Qi Gong History
Traditional Chinese Medicine can be traced back as early as Shang Dynasty (1766-1123B.C). At the time of the early Spring-Autumn Period of the Yellow Emperor (722-480 B. C.), the oldest Chinese medical text was written. It presented theories and concepts of Qi Gong training. Chinese medicine and Qi Gong have grown side by side for thousands of years. Chinese medicine places emphasis on keeping people well, while Qi Gong places emphasis on the prevention of disease. In Traditional Chinese Medicine theory, it is believed that when a person gets ill, they have an internal imbalance in their qi (vital energy) or perhaps a qi blockage. Over the many centuries that have followed the development of Qi Gong, the influence of the ancient philosophies as well as religion have had a major impact on its development.
Qi gong is divided into two major schools of nei-dan and wai-dan. Nei-dan, which means “internal elixir,” was practiced by the Taoists, and deals with lower level breathing exercises and a focused mind. Wai-dan, which means “external elixir,” was practiced by the Buddhists, and the practice focuses on the art of mediation and mental peace. Other schools of Qi Gong include Medical Qi Gong, which is conceptualized according to the theories of Traditional Chinese Medicine (TCM). These are concepts of yin and yang, the five elements, and the energy pathways. The Confucian Qi Gong school is focused on virtues and morals, kindness, tolerance, and loyalty. The Boxing Qi Gong school believes that qi training will enhance ones muscles, bones, and joints.
Qi Gong Lineage
Grand Master Shou-Yu Liang
1942 – Present
Grandmaster Shou-Yu Liang is one of the recipients of the Coach of Excellence title, given only to the most outstanding Chinese martial arts instructors, by the People’s Republic of China. Upon immigrating to Canada, grand Master Shou-Yu Liang was selected as the First Canadian Wushu Coach. He held the position of Chairman of the UBC Physical Education and Recreation Department, Chairman of the International Wushu San Shou Dao, is an International Wushu Judge, and the Chairman of the Canadian Wushu Selection Team. In 1995, Grand Master Shou-Yu Liang was named “Instructor of the Year” by Inside Kung Fu Magazine.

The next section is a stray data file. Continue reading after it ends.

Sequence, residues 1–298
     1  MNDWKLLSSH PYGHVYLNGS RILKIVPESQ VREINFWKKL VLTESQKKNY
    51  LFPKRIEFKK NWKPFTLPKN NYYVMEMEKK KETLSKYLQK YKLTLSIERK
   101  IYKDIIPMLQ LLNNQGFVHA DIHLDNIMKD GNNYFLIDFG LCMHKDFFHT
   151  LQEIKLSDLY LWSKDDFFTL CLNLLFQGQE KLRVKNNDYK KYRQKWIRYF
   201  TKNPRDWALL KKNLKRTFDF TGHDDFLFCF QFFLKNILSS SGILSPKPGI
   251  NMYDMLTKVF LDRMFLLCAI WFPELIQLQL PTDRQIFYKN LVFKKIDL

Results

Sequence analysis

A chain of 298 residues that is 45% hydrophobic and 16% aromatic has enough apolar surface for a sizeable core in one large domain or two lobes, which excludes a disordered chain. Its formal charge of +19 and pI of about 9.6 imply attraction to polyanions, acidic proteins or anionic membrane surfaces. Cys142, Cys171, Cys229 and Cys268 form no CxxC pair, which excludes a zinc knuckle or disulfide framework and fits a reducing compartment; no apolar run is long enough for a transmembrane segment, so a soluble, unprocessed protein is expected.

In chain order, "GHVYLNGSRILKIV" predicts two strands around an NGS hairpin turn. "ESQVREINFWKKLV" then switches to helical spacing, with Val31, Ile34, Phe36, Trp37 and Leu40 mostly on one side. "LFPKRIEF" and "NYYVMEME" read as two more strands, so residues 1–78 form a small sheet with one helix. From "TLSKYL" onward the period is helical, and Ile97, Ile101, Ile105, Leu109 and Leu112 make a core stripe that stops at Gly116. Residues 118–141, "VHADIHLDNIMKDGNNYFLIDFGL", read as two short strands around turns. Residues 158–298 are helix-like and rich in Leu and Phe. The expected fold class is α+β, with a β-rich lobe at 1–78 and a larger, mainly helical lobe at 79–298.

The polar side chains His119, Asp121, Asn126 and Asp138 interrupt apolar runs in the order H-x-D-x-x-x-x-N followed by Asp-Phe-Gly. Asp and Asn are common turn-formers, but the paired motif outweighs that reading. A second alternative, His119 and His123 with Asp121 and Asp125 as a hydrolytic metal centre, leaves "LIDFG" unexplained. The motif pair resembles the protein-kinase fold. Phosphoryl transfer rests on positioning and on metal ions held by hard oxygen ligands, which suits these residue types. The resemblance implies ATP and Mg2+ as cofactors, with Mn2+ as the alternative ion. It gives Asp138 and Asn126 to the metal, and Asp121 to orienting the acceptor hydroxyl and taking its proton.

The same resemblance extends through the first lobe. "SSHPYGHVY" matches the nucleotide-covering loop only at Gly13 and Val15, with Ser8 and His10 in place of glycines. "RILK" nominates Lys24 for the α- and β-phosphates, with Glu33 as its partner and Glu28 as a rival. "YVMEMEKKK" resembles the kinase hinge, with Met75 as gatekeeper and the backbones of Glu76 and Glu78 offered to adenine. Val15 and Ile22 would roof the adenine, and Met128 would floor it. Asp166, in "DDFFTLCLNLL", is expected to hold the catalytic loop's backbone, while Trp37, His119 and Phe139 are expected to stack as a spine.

Sifu Saleem’s Qi Gong training began in the early 1970″s as what may be called the “hard” method. He learned through Palm Training , Fist Training and Iron Stomach conditioning. This hard training, meant striking trees until the knuckles bled, or rubbing sand between the palms, for long periods, in an effort to turn the grains to powder, or hanging from gates or high fences by fingertips for strengthening. He also trained slapping the water surface inside a container in order to make the water explode outward in a perfect funnel. The hard training continued for many years, until he met Grand Master Shou Yu, when he began seriously training the “soft” method of Qi Gong, which is internal training. Internal training is based more on meditation and Chi cultivation, circulation, Five Elements, and balancing mind and emotions, body and spirit. Sifu Saleem teaches both hard and soft methods at the Lam Tang school, but in consideration of health and safety concerns, there will be no tree hitting!